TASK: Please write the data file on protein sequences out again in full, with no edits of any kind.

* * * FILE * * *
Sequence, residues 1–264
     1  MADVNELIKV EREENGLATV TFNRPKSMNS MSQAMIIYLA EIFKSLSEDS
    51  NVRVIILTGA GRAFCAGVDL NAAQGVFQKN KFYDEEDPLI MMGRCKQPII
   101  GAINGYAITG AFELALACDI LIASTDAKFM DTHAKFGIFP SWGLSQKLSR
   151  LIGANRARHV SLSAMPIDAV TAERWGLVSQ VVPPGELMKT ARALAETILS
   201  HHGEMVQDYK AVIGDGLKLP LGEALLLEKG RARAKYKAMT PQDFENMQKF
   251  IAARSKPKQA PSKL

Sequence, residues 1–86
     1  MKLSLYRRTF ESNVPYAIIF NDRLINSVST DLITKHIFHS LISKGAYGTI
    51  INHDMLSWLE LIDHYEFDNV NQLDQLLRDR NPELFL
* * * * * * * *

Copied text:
Sequence, residues 1–264
     1  MADVNELIKV EREENGLATV TFNRPKSMNS MSQAMIIYLA EIFKSLSEDS
    51  NVRVIILTGA GRAFCAGVDL NAAQGVFQKN KFYDEEDPLI MMGRCKQPII
   101  GAINGYAITG AFELALACDI LIASTDAKFM DTHAKFGIFP SWGLSQKLSR
   151  LIGANRARHV SLSAMPIDAV TAERWGLVSQ VVPPGELMKT ARALAETILS
   201  HHGEMVQDYK AVIGDGLKLP LGEALLLEKG RARAKYKAMT PQDFENMQKF
   251  IAARSKPKQA PSKL

Sequence, residues 1–86
     1  MKLSLYRRTF ESNVPYAIIF NDRLINSVST DLITKHIFHS LISKGAYGTI
    51  INHDMLSWLE LIDHYEFDNV NQLDQLLRDR NPELFL